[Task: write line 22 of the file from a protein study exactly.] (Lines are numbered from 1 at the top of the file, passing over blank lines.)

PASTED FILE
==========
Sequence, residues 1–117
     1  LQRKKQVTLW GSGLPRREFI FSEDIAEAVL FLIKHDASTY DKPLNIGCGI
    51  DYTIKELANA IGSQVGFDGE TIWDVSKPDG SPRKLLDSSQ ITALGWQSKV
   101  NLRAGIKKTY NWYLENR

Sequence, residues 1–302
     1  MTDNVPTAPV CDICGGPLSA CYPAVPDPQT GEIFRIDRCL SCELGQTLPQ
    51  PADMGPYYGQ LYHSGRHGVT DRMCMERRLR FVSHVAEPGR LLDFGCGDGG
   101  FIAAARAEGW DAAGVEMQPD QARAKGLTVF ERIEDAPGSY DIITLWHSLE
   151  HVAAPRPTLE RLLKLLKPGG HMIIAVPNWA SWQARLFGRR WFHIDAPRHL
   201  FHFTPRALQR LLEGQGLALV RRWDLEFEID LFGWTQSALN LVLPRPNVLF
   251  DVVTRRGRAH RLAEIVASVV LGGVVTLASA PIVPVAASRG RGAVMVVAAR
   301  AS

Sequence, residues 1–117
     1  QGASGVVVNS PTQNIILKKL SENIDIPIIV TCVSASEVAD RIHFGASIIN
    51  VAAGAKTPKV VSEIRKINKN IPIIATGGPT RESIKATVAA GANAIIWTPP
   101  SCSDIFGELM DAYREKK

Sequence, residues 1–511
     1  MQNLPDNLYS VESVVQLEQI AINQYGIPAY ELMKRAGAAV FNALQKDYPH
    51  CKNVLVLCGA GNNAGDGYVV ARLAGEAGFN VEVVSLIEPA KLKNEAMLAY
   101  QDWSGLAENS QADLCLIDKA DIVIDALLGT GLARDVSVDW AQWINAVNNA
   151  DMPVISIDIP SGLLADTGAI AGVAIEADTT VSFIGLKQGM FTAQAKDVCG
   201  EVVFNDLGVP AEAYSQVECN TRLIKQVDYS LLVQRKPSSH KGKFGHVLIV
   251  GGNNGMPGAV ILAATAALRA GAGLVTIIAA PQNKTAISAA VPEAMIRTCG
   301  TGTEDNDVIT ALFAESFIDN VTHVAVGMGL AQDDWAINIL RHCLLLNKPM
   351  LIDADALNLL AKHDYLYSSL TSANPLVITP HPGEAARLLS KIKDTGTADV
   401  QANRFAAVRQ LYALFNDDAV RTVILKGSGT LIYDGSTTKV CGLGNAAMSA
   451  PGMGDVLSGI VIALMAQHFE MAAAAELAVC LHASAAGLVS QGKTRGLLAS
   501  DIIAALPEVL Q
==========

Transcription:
   201  EVVFNDLGVP AEAYSQVECN TRLIKQVDYS LLVQRKPSSH KGKFGHVLIV